- David Newton, ESPN Carolina Panthers reporter
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MARTINSVILLE, Va. -- Jeff Gordon and some of the people who run his website thought it would be funny to run a pre-April Fool's joke announcing that the four-time Sprint Cup champion will debut in the Monster Truck Series in a Rainbow Warrior paint scheme.
The way Gordon's been running this season, ranking a career-worst 25th in points after five races, who knew it wasn't serious?
Sorry, couldn't resist for all the reporters who spent time chasing down Gordon's joke the way they did the one Texas Motor Speedway president Eddie Gossage pulled in 2010.
Gordon is a long way from a second career. He may not be a long way from a win, either.
Gordon says the No. 24 car that led both of Friday's practices at Martinsville Speedway was hands down the best he'd ever driven on the half-mile track in the Virginia foothills. Those are strong words from one who has won here more times (seven) than any active driver.
"A lot of people are thinking, 'How are they ever going to win another race and make up points?'" Gordon said Saturday as he explained his slow start. "I don't think we're that far from winning a race."
People sometimes forget just how good Gordon was -- and still is. People make a big deal about the incredible roll that defending Cup champion Tony Stewart is on with seven wins in his last 15 races dating back to last season.
Gordon did that twice, in 1998 and 1998-99.
It's unlikely that even Stewart with two wins this season -- or any driver -- ever will touch Gordon's modern-day record of 13 wins in 1998.
Not that you can blame people for forgetting these things. Even Gordon forgets sometimes just how impressive he was.
"I had kind of forgotten about it on my side," Gordon said of his 7-for-15 streak. "When you get into that zone, if I can recall 1998, you're going to the racetrack with a different mindset because you're going to the track to win.
"That's the mindset you have to have when you're doing that. It puts you at a different level. It allows you to focus on the different aspects of it. Not to question things. Not to doubt things. Just to deal with the details. That's what the winning teams do week in and week out."
Gordon also can relate to the line of questioning Hendrick Motorsports teammate Jimmie Johnson went through Friday. Johnson's gone 11 straight races without a win and has only one win in the last 33 races.
You almost got the feeling that the questions were getting to Johnson during his media availability. First he referred to the Chill Foundation as the "Chili Foundation" when announcing the winner of his Helmet of Hope charity.
Then he thought for a brief moment that the Martinsville Speedway media center was on fire when he noticed steam coming from the appliance used to keep the food warm.
To add to Johnson's confusion, one reporter reminded he'd won only twice in the last 49 races and another reminded he'd won only once in the last 39 -- which really is 33.
"Man, what's messing with my head is the stats," Johnson said.
Before you know it, the five-time champion will forget he's a health freak and eat one of the track's famous red-dye hot dogs. It happens to the best of us.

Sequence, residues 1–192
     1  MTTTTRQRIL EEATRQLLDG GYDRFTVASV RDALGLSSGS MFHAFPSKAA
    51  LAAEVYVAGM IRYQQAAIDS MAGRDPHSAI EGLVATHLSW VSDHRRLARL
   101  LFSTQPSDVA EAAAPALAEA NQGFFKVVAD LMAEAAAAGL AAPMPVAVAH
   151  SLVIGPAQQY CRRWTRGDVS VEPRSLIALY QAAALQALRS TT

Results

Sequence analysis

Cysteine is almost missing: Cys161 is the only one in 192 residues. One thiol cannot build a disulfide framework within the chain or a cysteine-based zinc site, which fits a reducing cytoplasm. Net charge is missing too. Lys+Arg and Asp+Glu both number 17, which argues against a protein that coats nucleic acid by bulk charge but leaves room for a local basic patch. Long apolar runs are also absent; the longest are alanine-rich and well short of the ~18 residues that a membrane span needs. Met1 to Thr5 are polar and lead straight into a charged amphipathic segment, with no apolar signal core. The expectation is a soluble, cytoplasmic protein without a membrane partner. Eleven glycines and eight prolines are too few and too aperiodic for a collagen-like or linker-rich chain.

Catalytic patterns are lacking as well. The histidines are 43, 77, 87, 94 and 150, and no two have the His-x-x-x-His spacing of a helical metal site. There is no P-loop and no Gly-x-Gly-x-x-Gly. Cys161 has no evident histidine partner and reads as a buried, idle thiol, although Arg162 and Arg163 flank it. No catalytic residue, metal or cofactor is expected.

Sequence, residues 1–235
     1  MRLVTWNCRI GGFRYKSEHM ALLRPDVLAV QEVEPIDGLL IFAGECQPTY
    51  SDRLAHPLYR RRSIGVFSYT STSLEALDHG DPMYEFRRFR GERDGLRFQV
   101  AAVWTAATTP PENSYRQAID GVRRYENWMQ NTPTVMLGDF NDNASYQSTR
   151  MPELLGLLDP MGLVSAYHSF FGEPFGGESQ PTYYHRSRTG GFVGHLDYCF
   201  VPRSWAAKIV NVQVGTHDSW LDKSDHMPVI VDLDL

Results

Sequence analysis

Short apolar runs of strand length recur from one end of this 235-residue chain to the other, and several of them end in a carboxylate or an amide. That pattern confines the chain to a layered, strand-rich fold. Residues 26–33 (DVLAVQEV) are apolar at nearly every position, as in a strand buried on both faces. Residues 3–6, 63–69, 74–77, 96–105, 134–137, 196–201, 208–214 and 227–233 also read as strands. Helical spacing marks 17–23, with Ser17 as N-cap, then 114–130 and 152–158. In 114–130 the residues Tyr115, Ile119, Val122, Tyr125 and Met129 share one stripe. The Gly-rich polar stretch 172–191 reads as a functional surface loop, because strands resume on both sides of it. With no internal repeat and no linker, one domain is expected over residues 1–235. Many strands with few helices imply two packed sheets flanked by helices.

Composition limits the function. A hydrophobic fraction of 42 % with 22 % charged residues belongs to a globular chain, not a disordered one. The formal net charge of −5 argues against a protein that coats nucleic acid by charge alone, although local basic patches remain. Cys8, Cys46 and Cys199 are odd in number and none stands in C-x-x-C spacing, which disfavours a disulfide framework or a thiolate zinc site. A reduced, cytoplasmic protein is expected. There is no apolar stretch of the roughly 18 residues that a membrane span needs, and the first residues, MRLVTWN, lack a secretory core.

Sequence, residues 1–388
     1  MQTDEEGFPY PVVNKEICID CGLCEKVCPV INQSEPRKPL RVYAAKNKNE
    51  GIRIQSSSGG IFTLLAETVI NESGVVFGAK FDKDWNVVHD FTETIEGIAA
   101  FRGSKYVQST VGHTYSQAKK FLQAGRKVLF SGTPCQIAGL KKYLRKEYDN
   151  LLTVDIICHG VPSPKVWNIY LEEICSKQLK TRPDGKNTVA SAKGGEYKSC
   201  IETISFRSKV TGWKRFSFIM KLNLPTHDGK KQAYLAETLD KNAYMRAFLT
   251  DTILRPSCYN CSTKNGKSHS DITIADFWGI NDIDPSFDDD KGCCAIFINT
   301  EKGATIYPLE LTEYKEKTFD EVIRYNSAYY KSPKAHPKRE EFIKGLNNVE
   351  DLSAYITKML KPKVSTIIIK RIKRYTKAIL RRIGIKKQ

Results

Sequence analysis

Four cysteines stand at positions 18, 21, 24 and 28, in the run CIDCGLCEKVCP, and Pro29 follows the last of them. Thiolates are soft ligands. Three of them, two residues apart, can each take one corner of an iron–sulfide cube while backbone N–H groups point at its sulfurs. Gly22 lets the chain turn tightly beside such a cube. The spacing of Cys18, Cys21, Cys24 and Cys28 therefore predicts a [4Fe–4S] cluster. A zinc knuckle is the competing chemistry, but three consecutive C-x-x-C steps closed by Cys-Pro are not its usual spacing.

He can ask Gordon for perspective. Gordon knows what it feels like to go from winning seemingly every race, as he did in 1998, to losing 11 in a row. Heck, he lost 66 in a row between 2009 and 2011.
And he's on a 16-race skid now.
"Everything you have to put in perspective," Gordon said. "When you set the tone and expectations you have, then you have to deal with what comes from that. [Johnson's] five championships in a row, all the wins, that's a great problem to have for people to be talking about [11 losses in a row].
"I remember for me, in the mid- to late-90s it was, 'OK, Jeff, you'll get to 200 wins by this time.' I was like, 'C'mon!' That's not realistic that you can keep up those kind of stats. You know you're going to go up and down. You have to be realistic about that."
Or make light of it.
"He hasn't won in 11 races?" Carl Edwards said in jest of Johnson's streak. "The poor guy."
For the record, Johnson isn't in panic mode, particularly when he's at a track where he has six wins and only one finish outside the top 10 in the last 19 races.
Right now, it's about putting a whole race together. I like the Chase format because we're still in it.
”-- Jeff Gordon
Gordon isn't in panic mode, either. Remember when we were here a year ago? He was 16th in points and people were questioning whether he could make the Chase. He finished fifth at Martinsville, won twice in the next 20 races and started the 10-race playoff fifth.
Gordon has to be one of the favorites Sunday based on his history here and what we've seen this weekend. He'll start ninth Sunday. Teammate Kasey Kahne is on the pole.
Odds are you'll see Johnson (starting 22nd) and Denny Hamlin (third) up front, too. They won nine straight at Martinsville before last season when Kevin Harvick and Stewart took home the famed grandfather clock trophy.
"[Johnson's] probably one of the guys like myself that has a ton of confidence going in here that if you just give us a soap-box derby car we should be able to win with it," Hamlin said.
Said Johnson of Hamlin, "He's definitely is a player when we come to this track."
Johnson didn't have to say that. Hamlin told us early this week when he wrote on Twitter, "If you are wondering who to pick in fantasy this weekend choose 11."
Don't discount Gordon, though. There's a lot left in his tank even though his performance hasn't shown it thus far. He's still a threat to contend for the title.
"Right now, it's about putting a whole race together," Gordon said. "I like the Chase format because we're still in it."
If it seems like forever for fans of Jimmie Johnson and Jeff Gordon since their driver won a race, think what it's like for the drivers themselves.